The case of Lyell is particularly significant. In the long historical introduction to his Principles of Geology (1830) (1), Lyell created the myths which allowed him to set himself in a privileged position in the Pantheon of Geology. He did this both by claiming to be the true creator of the basic principles of that science, and also by pointing out the barriers which had hitherto impeded its development: religion, philosophical speculation, and the anthropomorphic world view - Horacio Capell, The History of Science and the History of the Scientific Disciplines
    and

    ... Lyell hands out praise, blame (and silence) in a way that exaggerates the originality of his own contribution. His introduction presents the history of geology as an oversimplified dichotomy between biblical catastrophism and uniformitarianism with its classical roots. Moreover, and not surprisingly given the epoch, he offers a selective, partial vision of the past, decontextualising it from its social and intellectual climate. His conception of history and geology are different: "while Lyell's history of the earth is uniformitarian, his history of geology is catastrophist: a succession of Gargantuan figures, great for their contributions or baneful influence, paraded before the reader without law or cause" (3) . It is a catastrophist history in which Lyell's final contribution achieves its true significance as an authentic, definitive revolution. - Horacio Capell, The History of Science and the History of the Scientific Disciplines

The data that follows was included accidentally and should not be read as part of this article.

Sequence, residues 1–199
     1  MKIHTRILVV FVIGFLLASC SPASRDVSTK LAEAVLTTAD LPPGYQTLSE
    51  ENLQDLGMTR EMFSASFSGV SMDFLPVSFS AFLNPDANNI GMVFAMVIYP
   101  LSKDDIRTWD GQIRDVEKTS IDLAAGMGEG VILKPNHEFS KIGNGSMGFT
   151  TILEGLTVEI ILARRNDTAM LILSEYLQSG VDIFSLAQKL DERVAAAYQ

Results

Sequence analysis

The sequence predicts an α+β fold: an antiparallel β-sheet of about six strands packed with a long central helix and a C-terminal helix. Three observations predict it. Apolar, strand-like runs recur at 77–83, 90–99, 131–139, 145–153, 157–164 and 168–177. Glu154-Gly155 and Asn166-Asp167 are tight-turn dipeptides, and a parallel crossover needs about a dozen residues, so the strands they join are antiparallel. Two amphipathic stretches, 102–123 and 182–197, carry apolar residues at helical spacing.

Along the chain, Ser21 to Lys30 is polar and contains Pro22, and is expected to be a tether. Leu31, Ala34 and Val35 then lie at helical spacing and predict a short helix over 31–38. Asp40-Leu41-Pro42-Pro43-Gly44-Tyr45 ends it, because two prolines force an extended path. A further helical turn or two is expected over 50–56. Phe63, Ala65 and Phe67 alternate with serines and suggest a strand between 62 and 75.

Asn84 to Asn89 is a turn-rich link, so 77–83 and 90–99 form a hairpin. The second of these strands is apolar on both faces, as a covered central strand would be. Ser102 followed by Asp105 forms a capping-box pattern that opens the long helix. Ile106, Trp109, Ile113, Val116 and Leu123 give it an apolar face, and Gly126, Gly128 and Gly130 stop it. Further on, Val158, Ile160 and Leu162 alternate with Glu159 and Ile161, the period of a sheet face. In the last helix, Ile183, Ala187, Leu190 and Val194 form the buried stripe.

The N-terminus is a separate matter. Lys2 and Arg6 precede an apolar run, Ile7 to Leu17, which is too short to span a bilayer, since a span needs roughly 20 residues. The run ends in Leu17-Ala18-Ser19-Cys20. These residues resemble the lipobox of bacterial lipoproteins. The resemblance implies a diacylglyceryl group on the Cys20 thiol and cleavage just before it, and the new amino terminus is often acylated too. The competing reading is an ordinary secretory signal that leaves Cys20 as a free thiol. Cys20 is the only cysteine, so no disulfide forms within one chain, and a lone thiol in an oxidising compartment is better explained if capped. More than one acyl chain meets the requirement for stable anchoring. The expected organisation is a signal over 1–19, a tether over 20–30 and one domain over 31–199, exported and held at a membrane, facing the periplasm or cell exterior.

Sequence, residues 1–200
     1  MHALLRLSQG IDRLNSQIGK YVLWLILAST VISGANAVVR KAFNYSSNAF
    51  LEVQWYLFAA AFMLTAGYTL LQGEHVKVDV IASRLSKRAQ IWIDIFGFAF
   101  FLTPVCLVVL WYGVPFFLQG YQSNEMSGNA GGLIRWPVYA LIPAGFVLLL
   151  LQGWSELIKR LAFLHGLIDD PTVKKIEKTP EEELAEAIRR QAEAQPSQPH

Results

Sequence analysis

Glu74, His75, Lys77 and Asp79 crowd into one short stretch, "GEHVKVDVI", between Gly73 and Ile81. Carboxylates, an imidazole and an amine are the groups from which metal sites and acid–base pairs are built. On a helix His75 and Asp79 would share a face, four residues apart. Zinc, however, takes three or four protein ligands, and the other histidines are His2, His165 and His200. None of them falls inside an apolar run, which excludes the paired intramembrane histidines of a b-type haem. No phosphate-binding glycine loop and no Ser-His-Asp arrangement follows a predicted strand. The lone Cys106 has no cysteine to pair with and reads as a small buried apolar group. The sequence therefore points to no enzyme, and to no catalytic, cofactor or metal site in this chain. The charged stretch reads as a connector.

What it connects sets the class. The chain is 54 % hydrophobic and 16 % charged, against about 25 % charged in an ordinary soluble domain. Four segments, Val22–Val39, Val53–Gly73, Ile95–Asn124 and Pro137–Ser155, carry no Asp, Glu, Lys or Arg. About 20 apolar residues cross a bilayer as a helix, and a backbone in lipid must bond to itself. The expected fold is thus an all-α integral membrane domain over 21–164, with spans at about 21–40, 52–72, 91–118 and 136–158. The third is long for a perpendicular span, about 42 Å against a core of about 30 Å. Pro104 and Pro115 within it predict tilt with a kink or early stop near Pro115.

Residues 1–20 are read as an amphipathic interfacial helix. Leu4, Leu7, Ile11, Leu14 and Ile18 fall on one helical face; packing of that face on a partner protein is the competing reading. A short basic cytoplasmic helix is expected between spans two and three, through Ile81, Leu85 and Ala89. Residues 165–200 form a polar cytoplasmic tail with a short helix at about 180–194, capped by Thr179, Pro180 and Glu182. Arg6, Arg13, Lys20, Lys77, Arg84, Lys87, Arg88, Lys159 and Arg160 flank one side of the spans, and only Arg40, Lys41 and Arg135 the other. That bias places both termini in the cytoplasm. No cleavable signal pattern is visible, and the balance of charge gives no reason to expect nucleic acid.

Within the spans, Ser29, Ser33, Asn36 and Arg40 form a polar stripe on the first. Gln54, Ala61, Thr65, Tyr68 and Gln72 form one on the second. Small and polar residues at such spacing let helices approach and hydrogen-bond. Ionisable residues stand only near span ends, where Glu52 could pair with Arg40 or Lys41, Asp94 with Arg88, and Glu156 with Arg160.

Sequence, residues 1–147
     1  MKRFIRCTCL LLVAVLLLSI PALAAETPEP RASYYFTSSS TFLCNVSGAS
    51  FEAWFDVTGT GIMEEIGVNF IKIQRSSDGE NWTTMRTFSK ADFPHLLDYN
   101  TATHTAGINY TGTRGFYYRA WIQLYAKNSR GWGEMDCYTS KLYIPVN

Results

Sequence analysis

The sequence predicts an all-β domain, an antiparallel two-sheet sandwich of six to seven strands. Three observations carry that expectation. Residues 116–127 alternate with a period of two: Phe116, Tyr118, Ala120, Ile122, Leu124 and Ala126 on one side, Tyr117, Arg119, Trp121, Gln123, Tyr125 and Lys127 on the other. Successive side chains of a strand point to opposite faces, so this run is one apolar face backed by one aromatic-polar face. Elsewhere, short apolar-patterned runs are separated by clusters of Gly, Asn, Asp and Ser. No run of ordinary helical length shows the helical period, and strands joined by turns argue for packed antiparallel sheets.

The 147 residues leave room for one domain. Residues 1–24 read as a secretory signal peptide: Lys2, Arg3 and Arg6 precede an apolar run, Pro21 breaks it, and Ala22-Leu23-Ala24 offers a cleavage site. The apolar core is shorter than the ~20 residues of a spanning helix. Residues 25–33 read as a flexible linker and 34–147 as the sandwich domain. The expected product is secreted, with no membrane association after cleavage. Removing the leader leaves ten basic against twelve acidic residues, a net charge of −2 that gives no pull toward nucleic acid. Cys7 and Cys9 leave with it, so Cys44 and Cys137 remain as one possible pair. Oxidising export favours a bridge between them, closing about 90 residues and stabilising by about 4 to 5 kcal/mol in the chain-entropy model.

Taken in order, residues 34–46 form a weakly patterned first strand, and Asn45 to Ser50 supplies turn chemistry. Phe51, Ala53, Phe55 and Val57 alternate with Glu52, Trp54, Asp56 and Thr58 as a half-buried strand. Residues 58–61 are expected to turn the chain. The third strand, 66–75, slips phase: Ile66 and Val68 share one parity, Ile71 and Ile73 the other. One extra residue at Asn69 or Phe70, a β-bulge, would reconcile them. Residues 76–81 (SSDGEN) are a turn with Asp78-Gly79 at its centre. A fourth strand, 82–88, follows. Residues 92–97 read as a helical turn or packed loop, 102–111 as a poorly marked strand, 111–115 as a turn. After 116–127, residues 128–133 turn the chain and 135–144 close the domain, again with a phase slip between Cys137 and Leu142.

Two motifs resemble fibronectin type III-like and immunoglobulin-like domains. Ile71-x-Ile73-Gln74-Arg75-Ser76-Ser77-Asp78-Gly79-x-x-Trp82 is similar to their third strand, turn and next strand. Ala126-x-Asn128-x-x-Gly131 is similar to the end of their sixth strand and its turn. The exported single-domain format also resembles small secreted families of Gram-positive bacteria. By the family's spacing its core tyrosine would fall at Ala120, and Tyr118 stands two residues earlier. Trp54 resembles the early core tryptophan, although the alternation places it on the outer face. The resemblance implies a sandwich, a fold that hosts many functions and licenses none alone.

or, as Alwyn himself put it while we were discussing about this article's draft:

    Quote Originally Posted by Alwyn
    This suggests that, while scientists advance our perception of reality at times by discoveries - making our perception of reality more accurate, better focused and more detailed, scientists are also humans - with human shortcomings, such as the possibility of making their contributions seem more important than they were, and presenting a selective or incomplete picture of reality.

    Darwin - Descartes - Einstein / can't you just see the Intelligence in their eyes?

    To draw a final line on this regard, even the one who's probably the greatest scientist ever (certainly the most famous one), Einstein, had to admit some of his mistakes, for instance with regards to the Cosmological constant:

    Einstein included the cosmological constant as a term in his field equations for general relativity because he was dissatisfied that otherwise his equations did not allow, apparently, for a static universe: gravity would cause a universe that was initially at dynamic equilibrium to contract. To counteract this possibility, Einstein added the cosmological constant.[3] However, soon after Einstein developed his static theory, observations by Edwin Hubble indicated that the universe appears to be expanding; this was consistent with a cosmological solution to the original general relativity equations that had been found by the mathematician Friedmann, working on the Einstein equations of general relativity. Einstein reportedly referred to his failure to accept the validation of his equations—when they had predicted the expansion of the universe in theory, before it was demonstrated in observation of the cosmological redshift—as his "biggest blunder".[10]
    Now, I need to go one step further and enter the world of Metaphysics. If we accept the fact that "reality" is bend to the partial (in development, I mean) and biased (for the most) understanding we have of the word, where can we actually draw a line between reality and, for instance, superstition?